[QODLink]
Middle East
Jordan's king calls for national unity
Amid rare calls for change in the kingdom, Abdullah tells supporters that reforms are on track.
Last Modified: 27 Mar 2011 21:23
The comments by King Abdullah, centre, came three days after a man was killed in clashes in Amman [Reuters]

Jordan's King Abdullah II has called for national unity three days after clashes between protesters and government supporters led to the death of one man and left 160 people injured.

"The most important thing now is our national unity, which must not be touched," the king told tribal leaders on Sunday in the southern town of Petra, a major archaeological and tourist site.

"We need to stay away from any behaviour or attitude that would affect our unity."

Jordan "is going ahead with political and economic reforms, strongly and enthusiastically. There is nothing that we fear," the state-run Petra news agency quoted the king as saying.

"We understand the difficult circumstances and challenges in the country and the region, but we are optimistic about the future that we are trying to build."

Cheering subjects waved Jordanian flags and chanted "long live our beloved king" as Abdullah stood outside his vehicle to salute them.

'Fatal beating'

The king's comments came as Jordanians mourned the death of 55-year-old Khairi Saad who died in the unrest that has been rocking the country for the past three months and much of the Arab world.

The man was killed as police broke up a pro-reform protest camp set up near the interior ministry in the capital, Amman, after 200 government supporters threw stones at 2,000 young demonstrators.

Saad's family has said he died after "receiving several blows to his body," but the coroner said a post-mortem proved he died of heart failure.

"The cause of the death was heart failure," Qais Qsous, the chief forensic doctor, said. He insisted that there were "no marks of beatings on his face and body".

The government claimed Saad as a supporter, while the opposition and his brother, Saeed Saad, disputed that, saying his brother was "brutally beaten" by police.

"He was a follower of the Muslim Brotherhood," Saeed said. The Brotherhood's political arm, the Islamic Action Front, is Jordan's largest opposition group.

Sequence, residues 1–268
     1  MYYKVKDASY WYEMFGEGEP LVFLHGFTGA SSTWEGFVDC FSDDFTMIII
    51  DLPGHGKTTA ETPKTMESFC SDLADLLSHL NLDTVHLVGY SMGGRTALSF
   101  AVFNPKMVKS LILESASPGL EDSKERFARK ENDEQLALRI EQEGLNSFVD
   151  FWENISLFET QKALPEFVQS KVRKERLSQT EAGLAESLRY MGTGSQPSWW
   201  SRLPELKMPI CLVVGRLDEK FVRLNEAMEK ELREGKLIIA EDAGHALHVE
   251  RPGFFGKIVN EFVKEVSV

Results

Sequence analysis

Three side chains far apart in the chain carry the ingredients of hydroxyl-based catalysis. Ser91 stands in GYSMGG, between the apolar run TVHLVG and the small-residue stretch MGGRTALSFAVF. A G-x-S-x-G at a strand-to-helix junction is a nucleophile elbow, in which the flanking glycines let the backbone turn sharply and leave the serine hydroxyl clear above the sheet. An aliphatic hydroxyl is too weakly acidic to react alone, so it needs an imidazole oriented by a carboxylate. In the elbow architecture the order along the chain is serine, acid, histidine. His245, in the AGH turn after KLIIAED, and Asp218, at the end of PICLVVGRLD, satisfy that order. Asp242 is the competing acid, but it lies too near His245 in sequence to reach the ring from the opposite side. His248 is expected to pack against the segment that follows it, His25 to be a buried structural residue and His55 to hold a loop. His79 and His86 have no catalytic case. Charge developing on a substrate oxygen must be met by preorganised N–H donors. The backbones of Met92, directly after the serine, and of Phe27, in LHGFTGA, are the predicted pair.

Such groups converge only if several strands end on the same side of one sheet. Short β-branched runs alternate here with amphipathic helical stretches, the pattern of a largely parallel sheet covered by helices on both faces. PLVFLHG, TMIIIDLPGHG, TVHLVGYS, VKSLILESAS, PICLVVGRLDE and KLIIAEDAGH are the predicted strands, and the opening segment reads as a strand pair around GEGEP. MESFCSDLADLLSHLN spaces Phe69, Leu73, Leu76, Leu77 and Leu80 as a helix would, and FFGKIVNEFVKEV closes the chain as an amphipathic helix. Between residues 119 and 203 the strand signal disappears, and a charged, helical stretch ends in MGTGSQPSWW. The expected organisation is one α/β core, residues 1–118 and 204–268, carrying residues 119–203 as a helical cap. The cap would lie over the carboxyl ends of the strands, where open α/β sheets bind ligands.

He said his brother joined anti-government protesters on Thursday and camped out in an Amman square with the crowd. The clashes with government supporters erupted on Friday.

"He was bringing food to the group when police beat him to death," he said.

"I saw blood on his face when we took him to the morgue for an autopsy," he said. "There were clear marks of torture and beatings on his face."

It was the first death since the outbreak of pro-reform protests in Jordan three months ago.

The Islamist opposition and other groups, which called on Saturday for the ouster of Marruf Bakhit, the prime minister, have been urging sweeping political reforms, including an amended electoral law, leading to a parliamentary government and elected premier.

Parliament on Sunday rejected calls to limit the king's powers to pave the way for a constitutional monarchy.

Source:
Agencies
Topics in this article
People
Country
City
Organisation
Featured on Al Jazeera
An innovative rehabilitation programme offers Danish fighters in Syria an escape route and help without prosecution.
Street tension between radical Muslims and Holland's hard right rises, as Islamic State anxiety grows.
Take an immersive look at the challenges facing the war-torn country as US troops begin their withdrawal.
Ministers and MPs caught on camera sleeping through important speeches have sparked criticism that they are not working.
Featured
More than 400 gaming dens operate on native lands, but critics say social ills and inequality stack the deck.
The Palestinian president is expected to address the UN with a new proposal for the creation of a Palestinian state.
Nearly 1,200 aboriginal females have been killed or disappeared over 30 years with little justice served, critics say.
Ethnic violence has wracked China's restive Xinjiang region, leading to a tight government clampdown.
Malay artists revitalise the art of puppeteering by fusing tradition with modern characters such as Darth Vader.